Why raise blinds, latch tables, tighten belts and put seats upright?
We are all familiar with the instructions when we are coming in to land, but have you ever questioned why we have to do these things?
It is all actually for our own safety and here is why.
Raising the blinds serves multiple purposes. If anything goes wrong during the descent or there is a requirement for an emergency landing, being able to get a view of the exterior of the plane allows the cabin crew to spot any potential hazards such as fire or twisted metal that could interfere with an evacuation. It also allows your eyes to adjust to the natural light level outside, and is why the cabin lights are also dimmed. If you do need to get out quickly, it’s very much easier if your eyes have adjusted rather than going from light to dark or vice versa, particularly if you are already disorientated.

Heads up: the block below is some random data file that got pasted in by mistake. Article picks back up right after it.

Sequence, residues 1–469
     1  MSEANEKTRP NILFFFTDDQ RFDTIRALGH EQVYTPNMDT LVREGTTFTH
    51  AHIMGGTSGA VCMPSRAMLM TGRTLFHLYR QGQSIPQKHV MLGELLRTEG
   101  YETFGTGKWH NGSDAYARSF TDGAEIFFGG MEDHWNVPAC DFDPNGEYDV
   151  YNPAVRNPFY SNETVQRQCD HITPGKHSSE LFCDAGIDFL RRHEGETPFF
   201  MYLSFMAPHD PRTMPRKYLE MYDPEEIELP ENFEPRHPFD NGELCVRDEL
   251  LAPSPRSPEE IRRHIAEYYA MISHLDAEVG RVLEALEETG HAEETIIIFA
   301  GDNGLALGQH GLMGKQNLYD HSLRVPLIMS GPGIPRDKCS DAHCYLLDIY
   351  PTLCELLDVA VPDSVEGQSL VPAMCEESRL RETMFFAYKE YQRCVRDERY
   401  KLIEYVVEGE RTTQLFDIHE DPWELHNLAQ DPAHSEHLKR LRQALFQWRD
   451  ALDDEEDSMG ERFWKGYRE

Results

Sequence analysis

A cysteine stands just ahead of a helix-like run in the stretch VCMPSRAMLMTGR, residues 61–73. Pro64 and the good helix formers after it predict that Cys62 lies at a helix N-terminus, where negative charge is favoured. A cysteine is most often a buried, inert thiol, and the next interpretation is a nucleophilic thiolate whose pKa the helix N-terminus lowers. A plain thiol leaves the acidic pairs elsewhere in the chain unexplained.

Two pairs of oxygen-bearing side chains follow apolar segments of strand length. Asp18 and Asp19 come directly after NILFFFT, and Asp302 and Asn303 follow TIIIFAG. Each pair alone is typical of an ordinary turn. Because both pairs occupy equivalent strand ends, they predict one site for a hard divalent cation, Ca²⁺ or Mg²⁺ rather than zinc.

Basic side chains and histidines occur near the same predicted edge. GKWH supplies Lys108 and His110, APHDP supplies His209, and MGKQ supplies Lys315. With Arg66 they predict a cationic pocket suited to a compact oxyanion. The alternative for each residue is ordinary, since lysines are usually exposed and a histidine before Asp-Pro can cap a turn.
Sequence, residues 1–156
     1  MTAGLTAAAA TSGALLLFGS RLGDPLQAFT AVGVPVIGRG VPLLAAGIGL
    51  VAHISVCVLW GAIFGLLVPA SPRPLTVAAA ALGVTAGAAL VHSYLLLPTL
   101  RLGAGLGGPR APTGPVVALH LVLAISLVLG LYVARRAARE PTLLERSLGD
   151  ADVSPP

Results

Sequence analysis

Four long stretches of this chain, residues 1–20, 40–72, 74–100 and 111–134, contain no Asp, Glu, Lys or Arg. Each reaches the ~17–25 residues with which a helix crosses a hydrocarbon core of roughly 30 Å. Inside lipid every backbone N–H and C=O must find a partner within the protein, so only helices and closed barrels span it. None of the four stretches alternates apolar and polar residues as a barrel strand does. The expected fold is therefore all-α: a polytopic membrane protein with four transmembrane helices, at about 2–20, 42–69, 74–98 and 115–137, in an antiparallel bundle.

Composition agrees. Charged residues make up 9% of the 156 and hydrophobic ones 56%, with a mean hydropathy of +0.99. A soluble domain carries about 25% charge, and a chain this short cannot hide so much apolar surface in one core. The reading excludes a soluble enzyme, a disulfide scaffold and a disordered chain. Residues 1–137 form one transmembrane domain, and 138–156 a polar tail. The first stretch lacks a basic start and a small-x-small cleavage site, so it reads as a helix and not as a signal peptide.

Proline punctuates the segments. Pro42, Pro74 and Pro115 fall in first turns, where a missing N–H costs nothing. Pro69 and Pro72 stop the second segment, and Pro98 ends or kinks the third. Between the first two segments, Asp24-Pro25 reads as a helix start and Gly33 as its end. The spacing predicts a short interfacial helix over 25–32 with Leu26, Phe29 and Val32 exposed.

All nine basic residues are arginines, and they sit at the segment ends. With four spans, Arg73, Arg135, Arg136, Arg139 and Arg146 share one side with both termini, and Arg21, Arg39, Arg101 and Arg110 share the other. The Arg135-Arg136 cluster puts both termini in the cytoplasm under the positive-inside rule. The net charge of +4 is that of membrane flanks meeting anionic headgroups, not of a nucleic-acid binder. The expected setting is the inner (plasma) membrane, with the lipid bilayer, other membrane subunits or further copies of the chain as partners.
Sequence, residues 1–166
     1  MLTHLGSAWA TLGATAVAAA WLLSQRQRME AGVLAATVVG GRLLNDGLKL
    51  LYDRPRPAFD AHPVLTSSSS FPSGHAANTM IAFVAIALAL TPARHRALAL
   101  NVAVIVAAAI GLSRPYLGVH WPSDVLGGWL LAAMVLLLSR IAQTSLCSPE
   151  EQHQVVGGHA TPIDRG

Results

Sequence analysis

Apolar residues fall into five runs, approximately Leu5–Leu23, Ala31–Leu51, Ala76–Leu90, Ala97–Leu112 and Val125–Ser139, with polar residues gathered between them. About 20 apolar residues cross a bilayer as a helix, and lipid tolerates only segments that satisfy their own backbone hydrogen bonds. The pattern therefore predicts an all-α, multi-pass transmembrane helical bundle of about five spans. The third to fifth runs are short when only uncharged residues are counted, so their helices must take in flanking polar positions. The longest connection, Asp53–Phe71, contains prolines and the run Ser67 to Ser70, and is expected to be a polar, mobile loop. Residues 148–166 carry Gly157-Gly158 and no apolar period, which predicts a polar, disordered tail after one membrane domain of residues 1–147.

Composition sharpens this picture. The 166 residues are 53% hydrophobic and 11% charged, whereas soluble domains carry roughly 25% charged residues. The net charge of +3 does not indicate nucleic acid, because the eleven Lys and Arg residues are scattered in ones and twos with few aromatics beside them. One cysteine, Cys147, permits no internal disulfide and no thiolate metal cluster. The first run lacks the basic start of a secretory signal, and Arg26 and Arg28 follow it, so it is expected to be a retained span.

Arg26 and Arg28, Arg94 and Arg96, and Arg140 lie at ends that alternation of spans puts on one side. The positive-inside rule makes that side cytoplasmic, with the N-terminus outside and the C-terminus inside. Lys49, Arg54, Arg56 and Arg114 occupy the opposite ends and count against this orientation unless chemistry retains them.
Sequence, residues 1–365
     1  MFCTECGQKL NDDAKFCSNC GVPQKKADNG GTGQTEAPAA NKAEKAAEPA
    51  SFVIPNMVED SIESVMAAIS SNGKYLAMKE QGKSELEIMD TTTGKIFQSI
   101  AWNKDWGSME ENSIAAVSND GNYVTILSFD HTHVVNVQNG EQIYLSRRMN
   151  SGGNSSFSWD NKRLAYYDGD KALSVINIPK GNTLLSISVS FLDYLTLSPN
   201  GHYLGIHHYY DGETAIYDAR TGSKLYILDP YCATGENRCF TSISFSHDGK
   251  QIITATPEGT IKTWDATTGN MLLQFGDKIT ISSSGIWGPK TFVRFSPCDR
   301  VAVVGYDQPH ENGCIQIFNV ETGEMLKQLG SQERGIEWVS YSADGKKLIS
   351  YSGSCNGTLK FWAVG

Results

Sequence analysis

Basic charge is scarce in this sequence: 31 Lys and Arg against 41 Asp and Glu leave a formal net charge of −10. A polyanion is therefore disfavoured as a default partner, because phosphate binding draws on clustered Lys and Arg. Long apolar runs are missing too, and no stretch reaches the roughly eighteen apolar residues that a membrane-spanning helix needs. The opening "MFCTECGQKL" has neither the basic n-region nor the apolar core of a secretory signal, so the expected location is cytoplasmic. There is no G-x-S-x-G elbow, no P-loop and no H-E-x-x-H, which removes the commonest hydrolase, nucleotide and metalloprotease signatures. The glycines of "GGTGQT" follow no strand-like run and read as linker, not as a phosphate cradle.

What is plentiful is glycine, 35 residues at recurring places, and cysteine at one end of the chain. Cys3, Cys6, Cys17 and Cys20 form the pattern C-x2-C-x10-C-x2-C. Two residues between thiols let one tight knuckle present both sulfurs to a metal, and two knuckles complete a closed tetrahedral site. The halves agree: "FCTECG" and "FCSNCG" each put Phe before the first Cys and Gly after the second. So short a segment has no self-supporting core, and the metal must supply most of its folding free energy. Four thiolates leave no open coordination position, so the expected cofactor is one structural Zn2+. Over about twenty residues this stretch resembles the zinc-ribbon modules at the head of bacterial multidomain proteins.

The table is fairly obvious when you think about it. If there is sudden slow down or stop and you are thrown forward, you really don’t want to be ‘cut in half’ by a seat back table. Nor do you want to have to negotiate your way through other peoples seat back tables in the event of an evacuation. The clearer the route, the easier it will be to find your way out, particularly if there is debris, smoke and confusion.
As for putting your seat in an upright position, this is both to ensure the clearest, easiest escape routes, and to minimise the risk of whiplash injuries. It also prevents you from sliding under your seatbelt if there is an accident.
Which brings us to seatbelts or lap straps. In the event of an accident, a tightly fastened belt will keep you in your seat and able to orientate yourself when the plane comes to rest.
Accidents are rare, and when they do happen there are generally survivors. Following the basic instructions will enhance your chances of survival and reduce the risk of serious injuries.